[Gravestone photos by Michael Colbruno]
Gardner Mein (1919-2012)
[Obituary from David Perlman, SFGate]
Mr. Mein was widely known as a socialite, but he was also a canny political tactician who campaigned successfully against high-rise buildings that threatened to obscure the San Francisco waterfront.
In 1970, for example, he and then-Supervisor Roger Boas successfully rallied the public to stop U.S. Steel from building a proposed a 550-foot-tall office building on the Embarcadero between the Bay Bridge and the Ferry Building.
"High-rises are like heroin," Mr. Mein argued at one public hearing. "Once you start you can't stop except by drastic means, and by then it's too late."
Several years earlier, Mayor George Christopher asked Mr. Mein to raise funds to save the Bernard Maybeck-designed Palace of Fine Arts in the Marina. Built in 1915, the structure was crumbling into ruin and slated for demolition.
Mr. Mein led a public campaign in 1957 that quickly raised $300,000, and then persuaded Walter S. Johnson, a San Francisco industrialist, to contribute another $2 million. With that, plus city funds, the Palace of Fine Arts was rebuilt, and it now houses the Exploratorium along with a 962-seat theater. He later led a successful campaign for city funds to have the building illuminated permanently at night and preserved as a historic monument.
In 1962, Mr. Mein was named president of the San Francisco City Planning Commission and served in that post for many years.
A member of a historic California family, Mr. Mein was president of the Clear Lake Water Co., a longtime family-owned firm, and vice president of another, the Calaveras Cement Co.
In 1978, he founded the Nob Hill Gazette, in which he chronicled the lives and philanthropic activities of affluent San Franciscans. He made the illustrated monthly magazine a successful venture and it continues today with a circulation of about 82,000.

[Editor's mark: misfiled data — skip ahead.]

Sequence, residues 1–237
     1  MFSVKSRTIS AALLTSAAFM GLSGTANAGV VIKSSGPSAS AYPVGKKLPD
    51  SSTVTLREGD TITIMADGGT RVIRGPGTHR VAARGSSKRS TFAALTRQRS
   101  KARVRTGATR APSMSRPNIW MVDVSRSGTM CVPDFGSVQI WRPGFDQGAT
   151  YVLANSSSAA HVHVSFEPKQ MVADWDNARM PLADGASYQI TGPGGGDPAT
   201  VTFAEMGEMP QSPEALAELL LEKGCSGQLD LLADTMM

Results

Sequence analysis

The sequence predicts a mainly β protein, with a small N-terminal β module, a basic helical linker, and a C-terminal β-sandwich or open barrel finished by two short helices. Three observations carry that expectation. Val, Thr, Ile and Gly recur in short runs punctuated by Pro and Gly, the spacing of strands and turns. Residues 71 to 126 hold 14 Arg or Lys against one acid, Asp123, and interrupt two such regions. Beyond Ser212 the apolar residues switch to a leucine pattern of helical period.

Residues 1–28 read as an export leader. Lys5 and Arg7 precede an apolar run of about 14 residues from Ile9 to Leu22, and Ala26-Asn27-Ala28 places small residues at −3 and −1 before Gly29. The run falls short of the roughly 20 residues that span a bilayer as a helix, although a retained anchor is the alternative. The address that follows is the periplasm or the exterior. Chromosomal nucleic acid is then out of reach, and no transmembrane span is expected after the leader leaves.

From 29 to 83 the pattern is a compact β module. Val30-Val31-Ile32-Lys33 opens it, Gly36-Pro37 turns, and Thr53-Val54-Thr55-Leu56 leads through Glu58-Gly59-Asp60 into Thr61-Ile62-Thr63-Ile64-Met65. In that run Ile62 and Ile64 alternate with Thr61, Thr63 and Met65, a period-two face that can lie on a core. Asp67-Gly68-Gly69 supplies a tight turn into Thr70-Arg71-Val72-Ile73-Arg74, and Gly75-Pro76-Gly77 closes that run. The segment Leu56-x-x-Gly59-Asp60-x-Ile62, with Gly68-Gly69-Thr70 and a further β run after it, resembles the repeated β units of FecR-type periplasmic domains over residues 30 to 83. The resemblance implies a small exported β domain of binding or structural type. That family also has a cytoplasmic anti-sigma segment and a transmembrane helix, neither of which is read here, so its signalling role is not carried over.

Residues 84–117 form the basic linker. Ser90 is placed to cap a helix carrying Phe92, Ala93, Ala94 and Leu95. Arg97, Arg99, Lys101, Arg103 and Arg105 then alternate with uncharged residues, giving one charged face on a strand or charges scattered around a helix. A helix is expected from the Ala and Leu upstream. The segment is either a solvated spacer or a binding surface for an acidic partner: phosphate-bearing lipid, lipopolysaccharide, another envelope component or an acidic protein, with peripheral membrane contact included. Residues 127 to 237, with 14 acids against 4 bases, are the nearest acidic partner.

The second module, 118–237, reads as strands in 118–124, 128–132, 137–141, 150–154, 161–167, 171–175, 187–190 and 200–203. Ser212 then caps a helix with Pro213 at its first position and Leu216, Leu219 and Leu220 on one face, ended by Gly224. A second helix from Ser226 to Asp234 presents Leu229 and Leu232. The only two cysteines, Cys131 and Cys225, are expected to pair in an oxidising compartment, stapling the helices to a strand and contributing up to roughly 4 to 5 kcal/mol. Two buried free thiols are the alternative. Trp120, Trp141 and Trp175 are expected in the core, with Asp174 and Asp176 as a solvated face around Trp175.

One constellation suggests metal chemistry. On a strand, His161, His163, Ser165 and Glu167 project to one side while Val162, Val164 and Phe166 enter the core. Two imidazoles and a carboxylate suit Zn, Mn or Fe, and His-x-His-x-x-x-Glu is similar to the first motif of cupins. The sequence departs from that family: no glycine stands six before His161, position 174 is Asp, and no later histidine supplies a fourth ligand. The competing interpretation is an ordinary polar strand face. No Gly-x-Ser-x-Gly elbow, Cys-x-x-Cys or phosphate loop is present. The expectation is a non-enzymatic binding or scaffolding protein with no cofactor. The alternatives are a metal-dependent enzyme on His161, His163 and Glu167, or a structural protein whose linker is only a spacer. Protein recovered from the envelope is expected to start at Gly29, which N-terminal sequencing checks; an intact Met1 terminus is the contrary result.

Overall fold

In Lake Tahoe, where he maintained a beachfront home, he was president of the Tahoe City Chamber of Commerce and founded the North Lake Tahoe Historical Society. In 1965, he built the River Ranch Inn along the Truckee River at the entrance to the Alpine Meadows ski resort.
Gardner Williams Mein was born in New York City and educated at the Cate School in Carpinteria (Santa Barbara County) and UC Berkeley. He lived in Napa Valley in his later years.
Mr. Mein is survived by his wife of 49 years, Lani Logan Mein; their sons, Gardner Hatch Mein of Portland, Gardner Logan Mein of San Francisco, Gardner Williams Mein Jr. of Boulder, Colo.; and a daughter, Mary Elizabeth Mein of Los Angeles.
Captain Tommy Mein (1838-1900) - Native of Jedburgh, Scotland and husband of Mary Mein.
William Wallace "Tommy" Mein (1873-1964)- Husband of Frances Williams Mein (1878-1967). After graduating from Cal, Tommy Mein went to South Africa to work with the Robinson Mines. He later founded the Calaveras Cement Company and Bishop Oil Company. In 1907, Frances married the Captain's son, Tommy Mein. Frances was the daughter of Gardner Williams, who along with Captain Thomas Mein pioneered hydraulic gold mining in California. Frances would probably appreciate this post, as she was an active member of the California Historical Society. Their son, Tommy Mein, Jr. (1910-1998) later took over the Calaveras Cement Company. They had another son, Gardner Williams Mein (who lives in Napa Valley), and two daughters, Dorothy Fay and Frances de Bretteville (1915-2007). In 1938, Frances married Charles de Bretteville, a native of San Francisco. Mr. de Bretteville was a leading businessman who was a nephew of Alma de Bretteville Spreckels. He became the president of the Spreckels Sugar Company, and later the CEO of the Bank of California.
Robert Menzie Mein (1875-1913) - The son of Captain Tommy Mein and Mary Mein, he was one of the most successful mining engineers in California. He was one of the first people to recognize the mining potential of South Africa. He also owned mines in Alaska and Nevada. Unfortunately, he caught pneumonia on a visit to Alaska and never recovered.
Isolde Constantini Mein (1932-1999) - Isolde was a German immigrant who worked as a cook for the Mein family. When she was 24, the Mein's 20-year-old son Billy fell in love with her and ran off to Reno to get married. His mother Sally Miller Nickel Mein was outraged and went to court to annul the marriage based on the fact that he was not 21. Despite her efforts, Billy and Isolde married legally two months later after he celebrated his 21st birthday. Sally Miller Nickel Mein (1916-1995) was the great-granddaughter of land and cattle baron Henry Miller [see Lux posting]. She was heiress to the substantial Miller fortune.
Robert Nickel "Nicky" Mein (1942-1996) - Another son of Sally Mein, Nicky Mein was a former schoolteacher and interior design consultant who died of AIDS. He volunteered with Meals on Wheels and helped found Project Open Hand.